A bug report was recently
opened in Hibernate's JIRA stating that Hibernate incorrectly handles deadlock scenarios.
The basis for the report was an example in the /Pro Hibernate 3/ book (Chapter 9). For
those perhaps not familiar with the term
deadlock, the basic gist is that two processes
each hold resource locks that the other needs to complete processing. While this phenomena
is not restricted to databases, in database terms the idea is that the first process (P1)
holds a write lock on a given row (R1) while the second process (P2) holds a write lock on
another row (R2). Now, to complete its processing P1 needs to
acquire a write lock on R2, but cannot do so because P2 already holds its write lock.
Conversely, P2 needs to acquire a write lock on R1 in order to complete its processing,
but cannot because P1 already holds its write lock. So neither P1 nor P2 can complete
its processing because each is indefinitely waiting on the other to release the needed
lock, which neither can do until its processing is complete. The two processes are said
to be deadlocked in this situation.
As I mentioned in my previous blog about Bulk Operations , both UPDATE and DELETE statements are challenging to handle against single entities contained across multiple tables (not counting associations), which might be the case with:
The EJB3 persistence specification calls for implementors to
Bulk Operations in EJB-QL (the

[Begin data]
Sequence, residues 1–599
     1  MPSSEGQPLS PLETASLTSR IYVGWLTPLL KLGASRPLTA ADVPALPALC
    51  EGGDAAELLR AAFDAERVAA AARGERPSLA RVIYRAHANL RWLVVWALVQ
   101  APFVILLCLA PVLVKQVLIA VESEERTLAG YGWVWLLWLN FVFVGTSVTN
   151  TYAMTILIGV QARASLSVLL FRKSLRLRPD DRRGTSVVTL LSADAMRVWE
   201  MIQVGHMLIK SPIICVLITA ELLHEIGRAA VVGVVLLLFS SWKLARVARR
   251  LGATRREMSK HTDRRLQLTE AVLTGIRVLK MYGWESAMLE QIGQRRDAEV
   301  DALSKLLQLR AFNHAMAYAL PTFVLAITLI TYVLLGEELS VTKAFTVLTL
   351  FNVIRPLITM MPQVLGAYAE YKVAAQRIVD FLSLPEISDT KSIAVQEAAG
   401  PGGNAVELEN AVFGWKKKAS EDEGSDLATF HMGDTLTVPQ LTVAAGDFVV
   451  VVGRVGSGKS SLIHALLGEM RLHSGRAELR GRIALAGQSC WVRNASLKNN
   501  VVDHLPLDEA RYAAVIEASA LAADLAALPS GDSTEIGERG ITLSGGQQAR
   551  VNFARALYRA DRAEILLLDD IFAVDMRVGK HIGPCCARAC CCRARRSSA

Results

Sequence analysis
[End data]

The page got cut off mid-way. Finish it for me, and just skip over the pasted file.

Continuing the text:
EJB Query Language). As part of Hibernate's implementation of
EJB3 persistence, HQL (the
Hibernate Query Language : which is a superset of EJB-QL) needed to support
Bulk Operations. This support is now code complete, even going beyond what is offered in the EJB3
persistence specification. There is one task outstanding against this bulk operation support in HQL, but
this is completely beyond the scope of the support called for in the EJB3 persistence specification.
I'll blog about this one later as it simply rocks ;)
New to Hibernate 3.0.1 is the SessionFactory.getCurrentSession() method. It allows application developers to delegate tracking of current sessions to Hibernate itself. This is fairly trivial functionality, but stuff just about any user of Hibernate had to implement themselves, or rely on third party stuff to do for them. Let's take a look at how this is implemented in Hibernate and how it might be useful.
Another major change in Hibernate3 is the evolution to use an event and listener paradigm as its core processing model. This allows very fine-grained hooks into Hibernate internal processing in response to external, application initiated requests. It even allows customization or complete over-riding of how Hibernate reacts to these requests. It really serves as an expansion of what Hibernate tried to acheive though the earlier Interceptor, Lifecycle, and Validatable interafaces.
Hibernate3 adds the ability to pre-define filter criteria and attach those filters at both a class and a collection level. What's a
pre-defined filter criteria? Well, it's the ability to define a limit clause very similiar to the existing
where attribute available on the class and various collection elements. Except these filter conditions can be parameterized! The application can then make the decision at runtime whether given filters should be enabled and what their parameter values should be.